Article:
Alaska Storm: Coastal flooding and damaging winds are imminent


Flooding and damaging winds began affecting parts of Alaska’s west coast Saturday, as a powerful storm threatens the region over the weekend.

The remnants of Typhoon Merbok could produce the state’s heaviest storm in more than a decade, forecasters said.

The storm is responsible for extensive flooding in Golovin and left at least a few homes floating off their foundations, according to a tweet. National Weather Service in Fairbanks.

“The highest water levels that have not been expected so far [Saturday] evening, flooding will worsen,” the tweet said. “Water is surrounding the school, homes and structures are flooded, at least a couple of homes are floating off their foundations, some older fuel tanks are tilted.”

Alaska Governor Mike Dunleavy declared a disaster on Saturday for communities affected by the remnants of Typhoon Merbok along the state’s west coast.

There have been no reports of injuries so far, Dunleavy said in a Facebook post.

Weather and local officials urged residents to prepare for the dangerous storm, which had already reported hurricane-force winds and wave heights of more than 50 feet in the Bering Sea Friday morning.

“As we receive more reports, we cannot stress this enough. PLEASE do not go to flooded areas. Remember, turn around, don’t drown. It only takes 6″ to sweep your feet off,” warned the NWS in Fairbanks.

The storm generally packs winds of 40 mph to 60 mph, with gusts as high as 90 mph, according to the weather service. Water levels may be 12 to 18 feet above normal in some bays, with widespread areas 3 to 10 feet above normal.

That’s why weather officials have advised caution to allow storms to overrun critical infrastructure and clear roads.

As of late Friday, the Fairbanks weather service said water levels in the town of Golovin were rising rapidly.

“The water continues to rise and will rise throughout the night. Significant impacts may follow. be safe”, weather service he said

The water will take about 10 to 14 hours to recede, and the weather service has warned that the flooding will continue on Saturday night.

The storm has prompted numerous extreme weather warnings for coastal flooding, high winds and the threat of severe low-level turbulence over western Alaska, according to the weather service.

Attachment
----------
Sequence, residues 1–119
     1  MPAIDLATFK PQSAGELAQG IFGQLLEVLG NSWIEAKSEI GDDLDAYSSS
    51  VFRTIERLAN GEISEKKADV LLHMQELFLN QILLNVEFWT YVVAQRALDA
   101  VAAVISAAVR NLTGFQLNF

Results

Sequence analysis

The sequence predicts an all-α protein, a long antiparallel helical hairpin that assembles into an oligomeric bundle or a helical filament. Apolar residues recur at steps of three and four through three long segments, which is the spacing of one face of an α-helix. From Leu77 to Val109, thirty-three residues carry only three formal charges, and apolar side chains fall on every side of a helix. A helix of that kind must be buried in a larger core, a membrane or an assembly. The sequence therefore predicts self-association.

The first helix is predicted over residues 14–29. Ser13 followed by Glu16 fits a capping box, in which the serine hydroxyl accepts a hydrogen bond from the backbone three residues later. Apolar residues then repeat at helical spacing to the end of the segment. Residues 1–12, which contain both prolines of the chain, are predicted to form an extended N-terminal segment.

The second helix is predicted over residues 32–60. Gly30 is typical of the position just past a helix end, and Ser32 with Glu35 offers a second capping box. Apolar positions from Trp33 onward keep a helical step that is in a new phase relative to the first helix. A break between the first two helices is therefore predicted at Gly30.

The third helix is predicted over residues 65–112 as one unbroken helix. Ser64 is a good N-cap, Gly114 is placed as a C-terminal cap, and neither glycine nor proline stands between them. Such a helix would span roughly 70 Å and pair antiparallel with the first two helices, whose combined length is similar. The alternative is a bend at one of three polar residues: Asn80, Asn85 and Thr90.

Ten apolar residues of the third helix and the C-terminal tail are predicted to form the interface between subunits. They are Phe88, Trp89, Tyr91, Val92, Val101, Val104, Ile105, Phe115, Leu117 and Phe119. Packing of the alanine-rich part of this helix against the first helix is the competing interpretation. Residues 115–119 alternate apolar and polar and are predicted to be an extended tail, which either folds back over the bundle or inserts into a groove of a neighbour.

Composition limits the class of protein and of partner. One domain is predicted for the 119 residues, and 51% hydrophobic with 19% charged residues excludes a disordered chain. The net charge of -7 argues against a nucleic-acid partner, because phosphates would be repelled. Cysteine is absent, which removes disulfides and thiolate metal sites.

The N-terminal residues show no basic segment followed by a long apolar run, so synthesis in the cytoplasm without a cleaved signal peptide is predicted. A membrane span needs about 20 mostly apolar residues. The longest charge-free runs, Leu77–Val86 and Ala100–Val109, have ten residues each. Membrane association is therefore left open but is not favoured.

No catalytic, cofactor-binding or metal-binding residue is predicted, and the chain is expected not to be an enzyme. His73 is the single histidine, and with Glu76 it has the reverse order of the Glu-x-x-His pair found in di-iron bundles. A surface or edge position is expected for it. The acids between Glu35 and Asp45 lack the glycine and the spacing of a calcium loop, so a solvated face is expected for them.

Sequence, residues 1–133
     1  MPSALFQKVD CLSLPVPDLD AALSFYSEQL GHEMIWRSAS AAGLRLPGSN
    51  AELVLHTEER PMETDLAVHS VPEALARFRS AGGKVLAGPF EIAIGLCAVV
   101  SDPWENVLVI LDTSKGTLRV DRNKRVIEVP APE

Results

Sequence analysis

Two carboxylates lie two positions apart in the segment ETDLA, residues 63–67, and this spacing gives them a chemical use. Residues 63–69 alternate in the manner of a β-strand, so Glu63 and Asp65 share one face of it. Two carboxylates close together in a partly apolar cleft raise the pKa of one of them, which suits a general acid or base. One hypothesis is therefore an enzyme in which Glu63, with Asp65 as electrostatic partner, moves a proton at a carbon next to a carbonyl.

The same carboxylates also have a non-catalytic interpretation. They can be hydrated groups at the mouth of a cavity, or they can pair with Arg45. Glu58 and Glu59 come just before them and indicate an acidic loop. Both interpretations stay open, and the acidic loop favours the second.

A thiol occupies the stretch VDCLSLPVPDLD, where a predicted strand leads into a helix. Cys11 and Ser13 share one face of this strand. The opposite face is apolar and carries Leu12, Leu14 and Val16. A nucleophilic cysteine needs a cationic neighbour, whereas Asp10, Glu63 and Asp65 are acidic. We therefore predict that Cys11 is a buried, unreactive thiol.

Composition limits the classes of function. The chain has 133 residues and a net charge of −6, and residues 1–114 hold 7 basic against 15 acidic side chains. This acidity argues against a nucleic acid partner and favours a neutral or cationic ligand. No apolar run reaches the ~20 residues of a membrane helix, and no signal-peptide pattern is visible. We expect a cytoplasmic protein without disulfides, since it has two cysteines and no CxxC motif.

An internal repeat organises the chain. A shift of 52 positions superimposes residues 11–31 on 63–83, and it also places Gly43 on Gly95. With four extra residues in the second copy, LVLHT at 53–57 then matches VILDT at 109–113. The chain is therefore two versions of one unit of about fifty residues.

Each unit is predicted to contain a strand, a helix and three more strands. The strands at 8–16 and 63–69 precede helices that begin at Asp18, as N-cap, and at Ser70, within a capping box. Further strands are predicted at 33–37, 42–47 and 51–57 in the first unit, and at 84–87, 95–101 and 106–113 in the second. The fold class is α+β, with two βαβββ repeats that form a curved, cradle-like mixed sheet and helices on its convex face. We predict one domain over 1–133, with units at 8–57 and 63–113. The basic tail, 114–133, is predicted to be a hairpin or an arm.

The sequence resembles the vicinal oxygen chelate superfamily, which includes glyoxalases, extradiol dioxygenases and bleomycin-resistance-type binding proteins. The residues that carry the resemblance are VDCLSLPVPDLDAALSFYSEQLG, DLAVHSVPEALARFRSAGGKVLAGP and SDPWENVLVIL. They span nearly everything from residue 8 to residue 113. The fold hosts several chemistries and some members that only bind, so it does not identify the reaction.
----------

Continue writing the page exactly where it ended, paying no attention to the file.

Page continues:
Coastal flood watches have also been issued for all of Alaska’s west coast, from north of the Arctic Circle down the Kuskokwim Delta coast.

“Strong winds and coastal flooding will continue to increase Saturday afternoon local time. Peak winds are likely to occur Saturday morning into the night, as well as the worst coastal flooding,” CNN meteorologist Derek Van Dam said.

Saturday afternoon, water levels in Unalakleet, Shaktoolik and Golovin are expected to reach at least 10 feet above high tide and winds are expected to reach 50 mph with gusts as high as 90 mph. weather service

Other areas including Shishmaref, Wales and Kivalina could see water reach at least 5 feet or higher this weekend.

In Nome, the water level is now at 10.27 meters, surpassing the significant storms of 2011 and 2004, according to a tweet from the NWS. Water levels are still rising and are expected to peak this afternoon before slowly receding.

City officials in Nome have opened a recreation center as an emergency shelter and asked more than 10,000 residents to prepare.

The Norton Sound station in Nome is reporting a water level of 8.22 meters above normal high tide, according to data from the National Oceanic and Atmospheric Administration.

“Harbor users must protect boats and vessels in the harbor and at Belmont Point. Please check your lines and gear regularly to prevent loss,” the town of Nome said on its Facebook page.

Nome, which has more than 9,800 residents, is reporting street closures on River Street, “F” Street and Seppala Drive.

Meanwhile, the state’s Division of Safety and Emergency Management said local agencies were aware of the storm and were preparing to respond.

In 2011, Alaska was hit by a storm system that left widespread destruction. Like Merbok, it was an extratropical storm in 2011. Such a storm or cyclone has cold air at its core, unlike a tropical storm or cyclone which has a warm core. Both can cause significant damage from strong winds, heavy rains and storm surges.

While most areas will see about 1 inch of rain with this storm, some could get as much as 3 inches over the weekend.

Even if Anchorage – more than 500 miles from Nome – receives 1 to 2 inches of rainfall from this storm, it will make this year one of the five wettest years on record. The weather service in Anchorage said winds peaked at 65 to 75 mph Friday night across the Kuskokwim Delta.